Program Fraud:

Implementation of the Program Fraud Civil Remedies Act of 1986

AFMD-91-73: Published: Sep 13, 1991. Publicly Released: Oct 25, 1991.

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Pursuant to a congressional request, GAO reviewed federal agencies' implementation of the Program Fraud Civil Remedies Act of 1986 (PFCRA) which provides agencies with an administrative remedy for small-value fraud cases that the Department of Justice declines to pursue under criminal and civil statutes prohibiting false claims and statements.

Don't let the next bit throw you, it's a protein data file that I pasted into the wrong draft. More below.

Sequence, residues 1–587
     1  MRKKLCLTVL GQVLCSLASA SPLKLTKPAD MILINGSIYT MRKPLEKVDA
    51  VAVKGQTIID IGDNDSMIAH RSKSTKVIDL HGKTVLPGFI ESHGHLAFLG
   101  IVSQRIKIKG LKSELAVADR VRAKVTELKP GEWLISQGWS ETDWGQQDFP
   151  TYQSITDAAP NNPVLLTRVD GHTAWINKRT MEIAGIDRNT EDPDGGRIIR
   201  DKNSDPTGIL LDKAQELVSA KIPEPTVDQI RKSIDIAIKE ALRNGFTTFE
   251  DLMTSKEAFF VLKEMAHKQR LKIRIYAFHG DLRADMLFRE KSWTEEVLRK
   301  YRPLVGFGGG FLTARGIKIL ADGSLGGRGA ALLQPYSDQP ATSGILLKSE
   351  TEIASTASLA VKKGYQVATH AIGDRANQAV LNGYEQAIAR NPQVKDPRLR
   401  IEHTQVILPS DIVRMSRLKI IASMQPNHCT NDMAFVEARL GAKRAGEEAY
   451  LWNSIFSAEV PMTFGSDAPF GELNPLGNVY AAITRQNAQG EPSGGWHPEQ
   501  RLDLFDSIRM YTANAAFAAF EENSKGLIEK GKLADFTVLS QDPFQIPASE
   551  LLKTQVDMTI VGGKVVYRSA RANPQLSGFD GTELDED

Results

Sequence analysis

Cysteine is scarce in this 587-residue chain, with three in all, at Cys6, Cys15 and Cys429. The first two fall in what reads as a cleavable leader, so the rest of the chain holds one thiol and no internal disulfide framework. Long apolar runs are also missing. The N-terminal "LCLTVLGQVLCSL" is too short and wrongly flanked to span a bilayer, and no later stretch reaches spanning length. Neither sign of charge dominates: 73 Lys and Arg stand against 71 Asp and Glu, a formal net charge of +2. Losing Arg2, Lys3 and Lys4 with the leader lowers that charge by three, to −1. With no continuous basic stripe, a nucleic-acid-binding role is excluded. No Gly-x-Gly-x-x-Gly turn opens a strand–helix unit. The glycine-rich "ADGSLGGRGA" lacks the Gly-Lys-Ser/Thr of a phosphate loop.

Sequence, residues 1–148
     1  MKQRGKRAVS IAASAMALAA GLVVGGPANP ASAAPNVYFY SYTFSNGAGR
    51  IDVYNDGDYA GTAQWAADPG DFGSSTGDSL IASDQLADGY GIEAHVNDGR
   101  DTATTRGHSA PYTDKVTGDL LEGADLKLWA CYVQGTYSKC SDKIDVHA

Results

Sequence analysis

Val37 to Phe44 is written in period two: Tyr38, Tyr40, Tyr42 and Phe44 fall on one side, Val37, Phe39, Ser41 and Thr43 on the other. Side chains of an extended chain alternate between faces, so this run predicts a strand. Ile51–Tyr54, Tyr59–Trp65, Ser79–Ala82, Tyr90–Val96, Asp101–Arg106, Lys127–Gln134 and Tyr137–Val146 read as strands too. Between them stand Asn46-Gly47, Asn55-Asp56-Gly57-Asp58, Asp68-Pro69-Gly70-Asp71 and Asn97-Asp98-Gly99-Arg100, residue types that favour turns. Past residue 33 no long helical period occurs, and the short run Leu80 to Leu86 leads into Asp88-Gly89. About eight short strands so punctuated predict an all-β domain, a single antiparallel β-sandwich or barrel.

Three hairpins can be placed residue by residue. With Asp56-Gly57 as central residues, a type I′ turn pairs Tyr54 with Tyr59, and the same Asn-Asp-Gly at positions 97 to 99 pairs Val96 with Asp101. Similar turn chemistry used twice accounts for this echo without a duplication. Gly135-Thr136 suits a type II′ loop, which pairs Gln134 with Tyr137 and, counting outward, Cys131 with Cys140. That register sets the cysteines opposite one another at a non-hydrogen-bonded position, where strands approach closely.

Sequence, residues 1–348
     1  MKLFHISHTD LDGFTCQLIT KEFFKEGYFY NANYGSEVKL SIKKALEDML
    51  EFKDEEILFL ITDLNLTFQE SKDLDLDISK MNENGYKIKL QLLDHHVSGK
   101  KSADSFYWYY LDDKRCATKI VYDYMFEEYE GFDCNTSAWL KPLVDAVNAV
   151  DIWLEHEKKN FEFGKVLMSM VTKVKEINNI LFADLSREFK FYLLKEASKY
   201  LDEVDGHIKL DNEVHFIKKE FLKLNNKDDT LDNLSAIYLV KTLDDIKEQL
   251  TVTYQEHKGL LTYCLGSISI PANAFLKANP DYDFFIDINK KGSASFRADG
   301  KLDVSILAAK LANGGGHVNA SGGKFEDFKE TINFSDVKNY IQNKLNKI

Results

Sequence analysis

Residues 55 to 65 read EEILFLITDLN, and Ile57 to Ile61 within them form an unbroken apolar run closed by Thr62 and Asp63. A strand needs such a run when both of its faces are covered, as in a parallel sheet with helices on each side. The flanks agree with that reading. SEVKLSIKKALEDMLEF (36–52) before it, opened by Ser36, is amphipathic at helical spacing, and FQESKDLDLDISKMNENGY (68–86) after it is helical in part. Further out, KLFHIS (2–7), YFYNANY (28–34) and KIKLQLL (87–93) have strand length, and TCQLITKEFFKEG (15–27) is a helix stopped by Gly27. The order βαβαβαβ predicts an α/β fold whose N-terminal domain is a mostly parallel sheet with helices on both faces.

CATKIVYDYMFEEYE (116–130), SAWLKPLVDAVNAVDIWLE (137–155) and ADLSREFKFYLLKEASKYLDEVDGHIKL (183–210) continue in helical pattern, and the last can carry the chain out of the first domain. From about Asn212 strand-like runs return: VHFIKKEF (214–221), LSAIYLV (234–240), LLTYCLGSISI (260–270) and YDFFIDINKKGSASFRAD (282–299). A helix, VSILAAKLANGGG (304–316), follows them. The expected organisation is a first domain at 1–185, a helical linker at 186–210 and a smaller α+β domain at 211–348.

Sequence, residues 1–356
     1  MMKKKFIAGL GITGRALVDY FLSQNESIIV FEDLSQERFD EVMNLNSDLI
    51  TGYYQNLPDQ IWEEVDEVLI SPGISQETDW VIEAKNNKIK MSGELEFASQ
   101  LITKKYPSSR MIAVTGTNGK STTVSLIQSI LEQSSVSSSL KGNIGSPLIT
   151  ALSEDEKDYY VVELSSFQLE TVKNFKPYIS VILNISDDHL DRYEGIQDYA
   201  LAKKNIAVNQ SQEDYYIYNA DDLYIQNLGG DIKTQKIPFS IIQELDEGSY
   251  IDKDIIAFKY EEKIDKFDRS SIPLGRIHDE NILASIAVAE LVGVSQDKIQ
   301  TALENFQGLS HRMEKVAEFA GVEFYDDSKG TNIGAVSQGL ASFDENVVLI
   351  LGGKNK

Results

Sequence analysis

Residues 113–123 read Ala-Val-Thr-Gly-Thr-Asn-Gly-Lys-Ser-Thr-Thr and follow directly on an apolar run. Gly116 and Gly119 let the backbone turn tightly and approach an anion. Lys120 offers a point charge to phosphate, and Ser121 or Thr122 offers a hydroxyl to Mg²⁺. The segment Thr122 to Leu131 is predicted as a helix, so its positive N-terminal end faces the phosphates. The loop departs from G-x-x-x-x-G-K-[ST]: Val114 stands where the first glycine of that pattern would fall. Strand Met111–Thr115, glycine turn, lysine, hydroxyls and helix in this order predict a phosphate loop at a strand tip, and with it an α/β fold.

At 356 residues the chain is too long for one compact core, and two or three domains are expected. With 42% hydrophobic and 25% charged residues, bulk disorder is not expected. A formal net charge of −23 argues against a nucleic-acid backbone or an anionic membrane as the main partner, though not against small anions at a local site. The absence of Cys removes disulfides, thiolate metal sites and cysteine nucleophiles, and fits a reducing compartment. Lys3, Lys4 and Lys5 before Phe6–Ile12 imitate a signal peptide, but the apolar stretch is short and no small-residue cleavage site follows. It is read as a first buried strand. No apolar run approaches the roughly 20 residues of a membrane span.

GAO found that: (1) the eight agencies reviewed issued rules and regulations to implement PFCRA that were consistent with the act's provisions, but seven agencies issued the regulations after the deadline that the act specified; (2) almost all of the agencies designated, or made arrangements to obtain, the specified senior-level officials, which included the authority head, a reviewing official, an investigating official, and a presiding officer; (3) between October 21, 1986 and September 30, 1990, the eight agencies identified 213 potential PFCRA fraud cases, and referred 122 to the reviewing officials, but referred only 41 of those cases to the Department of Justice for approval to proceed with administrative action; (4) the 81 remaining cases were not submitted because 42 were still undergoing review, 7 were returned to the agencies' investigating officials for further development, and 32 were declined for referral primarily because of insufficient evidence; (5) agency officials believe that certain statutory elements of PFCRA, such as the $150,000 ceiling on false claim cases and the act's limited applicability to certain federal social welfare, disability, and retirement programs, limits the universe of cases against which the act can be used as a fraud remedy; and (6) procedural and other reasons, such as the potential that cost associated with a case could exceed the monetary recovery and the act's cumbersome procedural requirements, led to agencies' infrequent use of the act.